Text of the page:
Capify, the specialist SME lender, recently introduced a £40 million fund for UK-based small businesses in order to help with maintaining operations through challenging conditions.
The fund has been established in response to growing concerns regarding access to finance from traditional lending platforms and the overall impact that has on SME business’ ability to address the negative effects of inflation.
According to Capify’s Q1 2022 Confidence Survey, around 60% of SME owners are currently concerned about the impact of increasing costs as well as inflation on their business operations.
The survey, which reportedly included the insights of 260 SME owners from a range of areas and industry segments, uncovered the impact of inflation on cash flow and cash reserves.
About 37% of respondents said cashflow was a major issue (up 14pp from 23% in Q4 2021), meanwhile, more than half or 50% of survey respondents (53%) expressed concerns about the levels of cash in the bank.
Around 47% of respondents identify these working capital and cash flow issues as the primary driver for obtaining external finance. However, approximately 52% of those surveyed said that they would not be really confident of obtaining that finance from their traditional banking partners.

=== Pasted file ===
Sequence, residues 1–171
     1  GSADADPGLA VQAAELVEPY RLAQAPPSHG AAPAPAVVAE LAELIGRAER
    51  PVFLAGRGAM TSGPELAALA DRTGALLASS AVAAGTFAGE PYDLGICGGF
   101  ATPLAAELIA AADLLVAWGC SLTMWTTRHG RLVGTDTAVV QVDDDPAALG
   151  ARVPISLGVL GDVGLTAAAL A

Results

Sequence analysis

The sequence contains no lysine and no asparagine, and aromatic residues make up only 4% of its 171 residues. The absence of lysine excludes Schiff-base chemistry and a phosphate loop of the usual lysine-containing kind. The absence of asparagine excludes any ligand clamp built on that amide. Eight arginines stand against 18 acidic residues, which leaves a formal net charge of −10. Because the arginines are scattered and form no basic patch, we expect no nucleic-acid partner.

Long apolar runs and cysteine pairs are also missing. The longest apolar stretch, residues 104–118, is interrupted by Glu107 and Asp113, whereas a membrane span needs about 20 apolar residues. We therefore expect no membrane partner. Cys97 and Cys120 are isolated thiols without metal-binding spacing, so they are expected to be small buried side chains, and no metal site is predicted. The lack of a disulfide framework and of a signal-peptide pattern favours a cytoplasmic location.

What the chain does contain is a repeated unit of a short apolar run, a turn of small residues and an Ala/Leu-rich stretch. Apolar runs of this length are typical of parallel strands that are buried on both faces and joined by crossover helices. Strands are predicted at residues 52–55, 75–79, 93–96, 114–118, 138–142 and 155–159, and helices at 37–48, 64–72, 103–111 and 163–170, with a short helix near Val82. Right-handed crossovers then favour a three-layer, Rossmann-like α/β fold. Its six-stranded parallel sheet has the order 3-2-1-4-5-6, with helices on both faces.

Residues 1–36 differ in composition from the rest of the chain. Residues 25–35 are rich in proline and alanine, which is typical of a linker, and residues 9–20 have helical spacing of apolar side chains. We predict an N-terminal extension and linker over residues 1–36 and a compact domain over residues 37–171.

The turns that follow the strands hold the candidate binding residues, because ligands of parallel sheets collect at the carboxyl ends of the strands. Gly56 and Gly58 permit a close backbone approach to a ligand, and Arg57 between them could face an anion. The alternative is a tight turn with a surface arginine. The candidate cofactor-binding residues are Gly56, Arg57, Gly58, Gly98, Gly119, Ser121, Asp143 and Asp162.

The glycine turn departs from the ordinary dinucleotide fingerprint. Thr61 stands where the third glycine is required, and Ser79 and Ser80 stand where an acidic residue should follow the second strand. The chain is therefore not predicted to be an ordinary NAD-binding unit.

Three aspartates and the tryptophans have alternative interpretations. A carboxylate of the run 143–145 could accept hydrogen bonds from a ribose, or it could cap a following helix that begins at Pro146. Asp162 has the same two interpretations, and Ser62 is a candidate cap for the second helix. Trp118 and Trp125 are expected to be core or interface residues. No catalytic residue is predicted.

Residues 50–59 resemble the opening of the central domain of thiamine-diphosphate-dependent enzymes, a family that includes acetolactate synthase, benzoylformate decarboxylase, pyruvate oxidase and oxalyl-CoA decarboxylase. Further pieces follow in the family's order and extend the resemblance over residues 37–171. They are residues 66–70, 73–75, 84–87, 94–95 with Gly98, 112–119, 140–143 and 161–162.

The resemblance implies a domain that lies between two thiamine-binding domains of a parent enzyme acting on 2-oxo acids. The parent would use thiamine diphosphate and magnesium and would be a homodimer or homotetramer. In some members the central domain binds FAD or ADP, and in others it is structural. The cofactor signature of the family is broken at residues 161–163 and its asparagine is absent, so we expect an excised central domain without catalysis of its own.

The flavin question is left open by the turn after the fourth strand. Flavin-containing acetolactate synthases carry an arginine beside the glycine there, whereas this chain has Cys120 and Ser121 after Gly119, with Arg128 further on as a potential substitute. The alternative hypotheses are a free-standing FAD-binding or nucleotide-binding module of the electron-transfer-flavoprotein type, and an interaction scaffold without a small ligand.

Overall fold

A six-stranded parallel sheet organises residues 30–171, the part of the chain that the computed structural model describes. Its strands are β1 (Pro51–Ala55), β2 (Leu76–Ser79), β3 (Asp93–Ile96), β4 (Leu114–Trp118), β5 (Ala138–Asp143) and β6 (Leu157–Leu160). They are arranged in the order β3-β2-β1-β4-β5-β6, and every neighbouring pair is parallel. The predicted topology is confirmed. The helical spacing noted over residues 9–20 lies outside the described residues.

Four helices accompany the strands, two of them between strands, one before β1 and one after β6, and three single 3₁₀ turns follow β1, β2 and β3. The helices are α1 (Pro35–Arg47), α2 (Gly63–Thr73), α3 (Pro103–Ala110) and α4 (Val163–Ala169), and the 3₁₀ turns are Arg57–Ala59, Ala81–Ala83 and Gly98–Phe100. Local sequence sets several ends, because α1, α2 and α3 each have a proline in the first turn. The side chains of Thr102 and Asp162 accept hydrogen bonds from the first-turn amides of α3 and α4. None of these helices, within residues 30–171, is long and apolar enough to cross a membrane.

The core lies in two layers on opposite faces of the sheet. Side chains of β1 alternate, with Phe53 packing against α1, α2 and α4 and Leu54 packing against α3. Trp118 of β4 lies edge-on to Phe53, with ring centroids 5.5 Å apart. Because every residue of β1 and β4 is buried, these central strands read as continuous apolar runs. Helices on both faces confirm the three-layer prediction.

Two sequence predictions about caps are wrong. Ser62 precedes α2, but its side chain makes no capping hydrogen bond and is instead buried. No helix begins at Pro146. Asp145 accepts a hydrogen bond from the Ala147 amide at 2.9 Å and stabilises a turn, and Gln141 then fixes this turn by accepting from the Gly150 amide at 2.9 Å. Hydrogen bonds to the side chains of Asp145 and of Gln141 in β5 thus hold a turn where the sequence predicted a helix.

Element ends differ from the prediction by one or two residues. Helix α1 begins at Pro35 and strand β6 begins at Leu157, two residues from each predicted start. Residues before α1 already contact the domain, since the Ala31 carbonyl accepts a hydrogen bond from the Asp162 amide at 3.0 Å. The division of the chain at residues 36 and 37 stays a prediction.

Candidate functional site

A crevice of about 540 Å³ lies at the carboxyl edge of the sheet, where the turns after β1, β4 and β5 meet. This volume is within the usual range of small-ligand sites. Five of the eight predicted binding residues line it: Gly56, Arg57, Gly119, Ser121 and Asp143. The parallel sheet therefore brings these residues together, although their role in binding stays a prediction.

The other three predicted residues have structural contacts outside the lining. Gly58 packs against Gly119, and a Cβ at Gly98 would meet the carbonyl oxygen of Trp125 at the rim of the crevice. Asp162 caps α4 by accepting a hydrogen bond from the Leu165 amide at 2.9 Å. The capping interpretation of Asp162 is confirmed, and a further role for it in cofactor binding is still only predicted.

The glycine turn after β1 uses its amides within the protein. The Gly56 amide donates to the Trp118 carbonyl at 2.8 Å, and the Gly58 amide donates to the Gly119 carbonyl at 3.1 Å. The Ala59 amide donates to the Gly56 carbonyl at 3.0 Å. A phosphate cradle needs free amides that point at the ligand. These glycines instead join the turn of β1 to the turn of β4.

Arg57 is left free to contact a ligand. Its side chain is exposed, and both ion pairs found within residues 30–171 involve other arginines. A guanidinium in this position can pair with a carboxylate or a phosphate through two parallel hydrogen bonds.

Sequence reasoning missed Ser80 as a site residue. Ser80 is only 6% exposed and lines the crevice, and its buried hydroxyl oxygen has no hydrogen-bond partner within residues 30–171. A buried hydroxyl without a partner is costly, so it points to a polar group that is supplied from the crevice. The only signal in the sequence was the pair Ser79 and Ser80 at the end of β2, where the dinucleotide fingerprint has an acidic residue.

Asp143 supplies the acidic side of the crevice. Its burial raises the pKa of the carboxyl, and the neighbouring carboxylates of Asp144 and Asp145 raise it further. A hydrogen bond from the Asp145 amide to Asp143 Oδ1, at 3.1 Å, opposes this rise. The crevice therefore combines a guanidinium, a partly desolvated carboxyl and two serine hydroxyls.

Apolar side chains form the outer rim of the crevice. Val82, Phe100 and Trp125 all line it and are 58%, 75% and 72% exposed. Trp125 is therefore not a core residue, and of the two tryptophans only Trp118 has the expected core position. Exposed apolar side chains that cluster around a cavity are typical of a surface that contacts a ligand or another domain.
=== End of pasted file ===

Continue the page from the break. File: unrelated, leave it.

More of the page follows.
The fund intends to alleviate some of the cash crunch crisis and offer a lifeline for companies struggling with challenging issues.
The fund may be accessed by businesses aiming to invest in their operations and realize their long-term growth goals.
Funding of up to £500,000 could be offered to SMEs across a range of industries that are currently trading.
John Rozenbroek, chief operating officer at Capify, said:
“Our most recent survey presented a very stark picture of the UK SME landscape. Whilst many businesses were optimistic about their potential to grow sales and headcount, there was a real sense that access to finance is becoming an increasing concern. These underlying concerns will have been accentuated by this period of inflation and the attendant price rises throughout the supply chain.”
As was the case following the 2008 financial crisis, demand for finance from SMEs is increasing across all sectors.
“As we saw in that last great recession, traditional banks restrict their lending criteria in uncertain times and make it difficult for SMEs to get the finance they so desperately need. Our new fund is a specific response to this gap in the funding landscape. It underlines that alternative lenders like ourselves will have a vital role to play in helping SMEs navigate these headwinds and allow them to capitalise on future opportunities.”